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1.
BJOG ; 2020 Jan 19.
Artigo em Inglês | MEDLINE | ID: mdl-31955489

RESUMO

OBJECTIVE: To investigate the intra-uterine fetal growth pattern and feto-placental circulation in pregnancies following bariatric surgery. DESIGN: Prospective study. SETTING: Maternity Unit, UK. POPULATION: 162 pregnant women; 54 with previous bariatric surgery and 108 with no surgery but similar booking body mass index. METHODS: Participants were seen at 11-14, 20-24, 30-33 and 35-37 weeks of gestation and an oral glucose tolerance test (OGTT) was performed at 27-30 weeks. Fetal head and abdominal circumference (AC), femur length (FL), estimated fetal weight (EFW) and feto-placental Dopplers were measured at three time points in pregnancy. Birthweight (BW) was recorded. Variables were modelled after adjustment for maternal/pregnancy characteristics. Model estimates are reported as posterior means and quantile-based 90% credible intervals (CrI). MAIN OUTCOME MEASURES: Fetal biometry, feto-placental Dopplers, BW. RESULTS: Compared to the no surgery group, the post-bariatric surgery group had lower EFW during gestation; up to -120g (-189, -51) lighter at 35-37 weeks, with smaller AC and FL. Similarly, infants of mothers with previous bariatric surgery had lower average BW; -202g (-330, -72) lighter. Overall, there was no difference in the feto-placental Doppler indices between groups but maternal glucose levels at OGTT were positively correlated with third trimester EFW and BW. CONCLUSIONS: Fetuses of women with previous bariatric surgery are smaller during pregnancy and at birth, compared to those of women without such surgery, and this may be related to the lower maternal glucose levels seen in the former population. The feto-placental circulation appears not to be altered by maternal weight loss surgery.

2.
Breast Cancer Res ; 22(1): 5, 2020 Jan 13.
Artigo em Inglês | MEDLINE | ID: mdl-31931881

RESUMO

BACKGROUND: Several dietary factors have been reported to be associated with risk of breast cancer, but to date, unequivocal evidence only exists for alcohol consumption. We sought to systematically assess the association between intake of 92 foods and nutrients and breast cancer risk using a nutrient-wide association study. METHODS: Using data from 272,098 women participating in the European Prospective Investigation into Cancer and Nutrition (EPIC) study, we assessed dietary intake of 92 foods and nutrients estimated by dietary questionnaires. Cox regression was used to quantify the association between each food/nutrient and risk of breast cancer. A false discovery rate (FDR) of 0.05 was used to select the set of foods and nutrients to be replicated in the independent Netherlands Cohort Study (NLCS). RESULTS: Six foods and nutrients were identified as associated with risk of breast cancer in the EPIC study (10,979 cases). Higher intake of alcohol overall was associated with a higher risk of breast cancer (hazard ratio (HR) for a 1 SD increment in intake = 1.05, 95% CI 1.03-1.07), as was beer/cider intake and wine intake (HRs per 1 SD increment = 1.05, 95% CI 1.03-1.06 and 1.04, 95% CI 1.02-1.06, respectively), whereas higher intakes of fibre, apple/pear, and carbohydrates were associated with a lower risk of breast cancer (HRs per 1 SD increment = 0.96, 95% CI 0.94-0.98; 0.96, 95% CI 0.94-0.99; and 0.96, 95% CI 0.95-0.98, respectively). When evaluated in the NLCS (2368 cases), estimates for each of these foods and nutrients were similar in magnitude and direction, with the exception of beer/cider intake, which was not associated with risk in the NLCS. CONCLUSIONS: Our findings confirm a positive association of alcohol consumption and suggest an inverse association of dietary fibre and possibly fruit intake with breast cancer risk.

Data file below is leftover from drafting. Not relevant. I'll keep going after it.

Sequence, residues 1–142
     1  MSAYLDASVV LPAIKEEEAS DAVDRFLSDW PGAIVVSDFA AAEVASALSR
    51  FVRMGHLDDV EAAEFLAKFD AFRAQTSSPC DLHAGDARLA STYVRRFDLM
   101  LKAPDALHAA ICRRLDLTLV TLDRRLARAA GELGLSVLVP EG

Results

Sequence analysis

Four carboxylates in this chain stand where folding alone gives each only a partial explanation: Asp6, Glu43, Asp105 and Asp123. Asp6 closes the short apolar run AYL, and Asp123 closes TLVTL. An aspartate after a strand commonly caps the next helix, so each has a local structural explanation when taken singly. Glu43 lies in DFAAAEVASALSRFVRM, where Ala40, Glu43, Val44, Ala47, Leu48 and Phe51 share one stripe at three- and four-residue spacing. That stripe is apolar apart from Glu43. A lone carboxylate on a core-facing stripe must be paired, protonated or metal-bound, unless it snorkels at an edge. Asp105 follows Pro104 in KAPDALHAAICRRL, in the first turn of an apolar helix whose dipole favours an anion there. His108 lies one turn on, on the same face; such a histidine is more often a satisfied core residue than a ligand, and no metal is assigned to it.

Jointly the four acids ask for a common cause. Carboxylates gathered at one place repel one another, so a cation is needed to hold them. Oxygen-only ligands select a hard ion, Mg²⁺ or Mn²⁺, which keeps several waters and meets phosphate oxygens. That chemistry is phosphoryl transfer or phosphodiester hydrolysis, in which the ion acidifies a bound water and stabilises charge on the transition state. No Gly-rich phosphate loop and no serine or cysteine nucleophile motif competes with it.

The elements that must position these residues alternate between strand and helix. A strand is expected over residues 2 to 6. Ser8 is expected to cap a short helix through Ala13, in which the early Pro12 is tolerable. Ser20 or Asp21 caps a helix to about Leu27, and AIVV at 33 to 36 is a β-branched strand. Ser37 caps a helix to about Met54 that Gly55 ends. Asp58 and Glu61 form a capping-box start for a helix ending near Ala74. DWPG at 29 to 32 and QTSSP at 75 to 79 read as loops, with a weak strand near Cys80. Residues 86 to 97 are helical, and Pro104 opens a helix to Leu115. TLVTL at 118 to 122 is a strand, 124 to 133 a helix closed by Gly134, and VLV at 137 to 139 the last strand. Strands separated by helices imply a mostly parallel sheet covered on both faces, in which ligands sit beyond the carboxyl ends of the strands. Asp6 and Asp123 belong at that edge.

3.
Cancer Cytopathol ; 127(9): 578-585, 2019 Sep.
Artigo em Inglês | MEDLINE | ID: mdl-31386310

RESUMO

BACKGROUND: Mutations of AT-rich interactive domain 1 (ARID1A) have been associated with a worse outcome after intravesical treatment with bacille Calmette-Guérin in patients with non-muscle-invasive bladder cancer (NMIBC). Loss of ARID1A protein expression in urine cytology may serve as an indication of an ARID1A mutation. Therefore, the authors examined the expression of ARID1A in urine cytology and histological specimens of bladder cancer for correlation with ARID1A mutational status. METHODS: The authors constructed a tissue microarray containing samples from 164 tissue samples from 150 patients with NMIBC and 100 tissue samples from 81 patients with muscle-invasive bladder cancer. A second cohort consisted of archived cytological specimens and matched tissue sections from 62 patients with high-grade NMIBC. The authors established immunohistochemistry and immunocytochemistry (ICC) protocols, respectively, for the analysis of ARID1A protein expression in histological and cytological specimens. Confirmatory next-generation sequencing (NGS) was performed on tumor specimens using a targeted NGS panel containing all exonic regions of ARID1A. RESULTS: The prevalence of ARID1A loss of expression on the tissue microarray was 3.6% in NMIBC (6 of 164 tissue samples) and 10% in muscle-invasive bladder cancer (10 of 100 tissue samples) (P = .059). Loss of ARID1A expression in cytology was concordantly immunohistochemistry negative in 6 of 8 matched tissue specimens. NGS confirmed an ARID1A mutation on all 6 histology samples with loss of ARID1A expression. When NGS demonstrated an absence of ARID1A mutation, histology was concordantly positive (16 of 16 cases). CONCLUSIONS: The authors have suggest ARID1A ICC as a promising surrogate marker for ARID1A mutational status in patients with urothelial carcinoma. Pitfalls in ICC scoring include benign umbrella cells that often are negative for ARID1A. Further prospective studies are needed to determine the clinical relevance of ARID1A ICC in urinary cytology.